1. “ …The court ruling that has everyone in such a lather is not a closed door, but a legal roadmap on how to get the project built. The court even offered a way to do the job in a reasonable time frame. Cabinet has the right to “specify a time limit within which the board shall complete its reconsideration,” Justice Eleanor Dawson wrote… “You’re right, of course … but it’s beside the point. The NDP ship of state was already leaking, not due to poor governance or any other objective deficiencies, but due to the wave of hysterical hate promulgated by the UCP, the Online Tory Rage Machine, and their mainstream media fellow travellers. Getting construction under way was the only hope, however slim, to get that ship floating more securely and steer them into the next election with a chance of success. This decision by the Federal Court of Appeal has effectively torpedoed them, since even if the federal government follows that “legal roadmap” to the end and the pipeline gets approval that stands up in court, it’ll be too late for the Notley government.

    They’re going to go into next spring’s election with not one, but both, hands tied behind their backs, and there is every indication that the odious Jason Kenney will be Premier before we get much older. You & I & many other readers of this blog won’t like it—and I sincerely hope I’m completely out to lunch on this—but a cold, dispassionate assessment of the political entrails can lead to no other supportable conclusion.

  2. With respect to AB/Canada’s gov’t coffers ultimately profiting from the ‘Asian price differential’… not so much, according to, Ross Belot, a Canadian retired energy exec. who keeps pointing out that most enhanced profits will be taken outside Canada.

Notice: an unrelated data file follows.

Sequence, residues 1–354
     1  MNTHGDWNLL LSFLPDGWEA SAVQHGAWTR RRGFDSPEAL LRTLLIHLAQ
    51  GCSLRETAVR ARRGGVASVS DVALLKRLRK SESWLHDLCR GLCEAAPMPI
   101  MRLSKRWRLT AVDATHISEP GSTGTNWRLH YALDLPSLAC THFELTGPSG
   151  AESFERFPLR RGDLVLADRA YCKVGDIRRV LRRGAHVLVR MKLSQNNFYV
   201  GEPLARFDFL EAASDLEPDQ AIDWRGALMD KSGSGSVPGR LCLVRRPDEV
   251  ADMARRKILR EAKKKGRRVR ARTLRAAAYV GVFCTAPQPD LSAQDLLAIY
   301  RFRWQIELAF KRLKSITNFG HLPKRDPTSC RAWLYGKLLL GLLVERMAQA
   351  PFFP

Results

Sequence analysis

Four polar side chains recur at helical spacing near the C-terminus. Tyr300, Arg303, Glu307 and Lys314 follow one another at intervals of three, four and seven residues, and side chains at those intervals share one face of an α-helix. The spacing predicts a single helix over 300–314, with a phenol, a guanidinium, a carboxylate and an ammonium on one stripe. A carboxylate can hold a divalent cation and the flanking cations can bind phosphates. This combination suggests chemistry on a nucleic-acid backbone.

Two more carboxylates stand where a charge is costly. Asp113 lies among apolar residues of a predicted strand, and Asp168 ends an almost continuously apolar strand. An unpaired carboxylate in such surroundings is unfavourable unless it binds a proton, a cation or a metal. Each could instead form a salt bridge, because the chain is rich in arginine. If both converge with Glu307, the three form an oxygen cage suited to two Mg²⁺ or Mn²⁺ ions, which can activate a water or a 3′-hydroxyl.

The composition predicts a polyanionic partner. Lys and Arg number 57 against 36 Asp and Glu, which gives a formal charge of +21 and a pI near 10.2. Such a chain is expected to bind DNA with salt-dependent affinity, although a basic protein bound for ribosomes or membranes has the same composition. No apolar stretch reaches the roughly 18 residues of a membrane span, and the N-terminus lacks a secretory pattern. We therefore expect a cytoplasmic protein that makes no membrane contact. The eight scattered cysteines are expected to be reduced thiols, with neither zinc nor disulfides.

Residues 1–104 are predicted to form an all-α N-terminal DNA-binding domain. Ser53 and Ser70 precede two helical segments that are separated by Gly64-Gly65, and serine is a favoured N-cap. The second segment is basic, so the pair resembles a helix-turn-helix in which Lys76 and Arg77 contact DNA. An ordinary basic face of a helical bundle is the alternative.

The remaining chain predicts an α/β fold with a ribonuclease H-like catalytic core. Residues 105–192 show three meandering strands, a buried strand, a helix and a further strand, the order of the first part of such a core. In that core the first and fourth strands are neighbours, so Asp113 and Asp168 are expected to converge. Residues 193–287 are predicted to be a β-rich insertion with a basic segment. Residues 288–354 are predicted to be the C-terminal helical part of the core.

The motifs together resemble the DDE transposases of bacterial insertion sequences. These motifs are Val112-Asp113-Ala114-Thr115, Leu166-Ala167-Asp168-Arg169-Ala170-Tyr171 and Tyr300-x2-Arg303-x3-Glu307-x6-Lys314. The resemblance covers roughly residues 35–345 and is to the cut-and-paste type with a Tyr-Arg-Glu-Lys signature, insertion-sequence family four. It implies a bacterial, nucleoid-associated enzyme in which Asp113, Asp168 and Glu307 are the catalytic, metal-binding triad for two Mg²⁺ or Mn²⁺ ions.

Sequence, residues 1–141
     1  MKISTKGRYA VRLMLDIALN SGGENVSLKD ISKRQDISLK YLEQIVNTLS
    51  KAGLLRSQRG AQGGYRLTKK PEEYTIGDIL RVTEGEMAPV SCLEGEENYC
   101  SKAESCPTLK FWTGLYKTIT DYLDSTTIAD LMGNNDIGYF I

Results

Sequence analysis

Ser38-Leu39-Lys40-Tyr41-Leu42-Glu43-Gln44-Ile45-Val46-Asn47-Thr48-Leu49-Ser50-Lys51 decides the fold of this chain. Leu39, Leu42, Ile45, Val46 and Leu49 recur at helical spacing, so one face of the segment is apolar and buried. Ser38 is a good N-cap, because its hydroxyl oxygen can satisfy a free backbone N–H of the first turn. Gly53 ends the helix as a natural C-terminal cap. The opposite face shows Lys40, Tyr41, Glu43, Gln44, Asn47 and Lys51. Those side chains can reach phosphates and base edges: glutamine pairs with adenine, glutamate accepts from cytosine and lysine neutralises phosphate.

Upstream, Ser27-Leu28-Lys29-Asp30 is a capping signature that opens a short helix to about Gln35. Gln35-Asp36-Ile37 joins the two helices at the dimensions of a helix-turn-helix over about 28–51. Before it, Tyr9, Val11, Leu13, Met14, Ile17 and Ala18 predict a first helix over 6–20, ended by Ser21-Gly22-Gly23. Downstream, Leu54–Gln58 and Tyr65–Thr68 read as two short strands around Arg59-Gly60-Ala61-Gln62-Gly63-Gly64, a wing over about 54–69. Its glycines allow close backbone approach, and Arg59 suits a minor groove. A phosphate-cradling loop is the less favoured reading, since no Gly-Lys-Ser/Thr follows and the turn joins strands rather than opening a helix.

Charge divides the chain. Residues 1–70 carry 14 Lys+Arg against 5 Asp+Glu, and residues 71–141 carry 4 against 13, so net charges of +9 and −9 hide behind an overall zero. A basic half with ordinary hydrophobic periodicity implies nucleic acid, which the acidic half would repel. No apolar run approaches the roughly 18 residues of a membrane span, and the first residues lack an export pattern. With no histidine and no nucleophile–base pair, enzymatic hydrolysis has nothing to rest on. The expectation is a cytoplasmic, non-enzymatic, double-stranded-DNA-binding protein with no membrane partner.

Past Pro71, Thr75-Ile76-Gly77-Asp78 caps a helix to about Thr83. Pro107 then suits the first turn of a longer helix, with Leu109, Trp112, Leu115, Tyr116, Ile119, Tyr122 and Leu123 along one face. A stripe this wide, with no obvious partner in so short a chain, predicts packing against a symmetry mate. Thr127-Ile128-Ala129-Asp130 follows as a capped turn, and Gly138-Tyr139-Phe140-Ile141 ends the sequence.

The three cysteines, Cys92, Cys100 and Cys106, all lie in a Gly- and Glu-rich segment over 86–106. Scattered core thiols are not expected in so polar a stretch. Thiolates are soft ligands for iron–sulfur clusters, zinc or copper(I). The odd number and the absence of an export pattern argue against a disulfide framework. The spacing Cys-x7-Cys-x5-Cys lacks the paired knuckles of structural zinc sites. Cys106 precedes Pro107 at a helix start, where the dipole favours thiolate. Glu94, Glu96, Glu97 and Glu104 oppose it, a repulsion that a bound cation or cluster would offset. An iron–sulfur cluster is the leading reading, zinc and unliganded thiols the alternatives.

Belot has published several critiques of the Asian market arguments. Below is an excerpt that raises an issue I’ve never seen reported elsewhere. (Belot’s mini-bio at the bottom). He’s published in iPolitics, an online news org. To my knowledge, the Postmedia MSM pub’s have not done any significant examination of the issues he raises.

    EXCERPT: ‘Yes, an expanded Trans Mountain line would be a cheaper way to get Canadian heavy crude to Asia, preferable to going all the way to the Gulf Coast first. But it’s not going to shift Edmonton prices. The whole benefit of the line will accrue only to those who ship on it — they will get their product to Asia cheaper. But the Edmonton market price will still be set by the last barrels produced that will continue to clear in the Gulf Coast.


    Why is this important? Because Trans Mountain will be a windfall only for the companies shipping on the line. And for many of those companies, the benefit will occur outside Canada — providing no benefit to Canada at all.

    For example, Tesoro has a refinery in Anacortes, Washington. It was identified as a committed shipper in Kinder Morgan’s NEB submission. It has zero oil production; its whole drive is to buy cheap in Edmonton and back out expensive crude in its refineries in Anacortes or California. There is no benefit to Canada in such an operation; all the profit lands in the United States.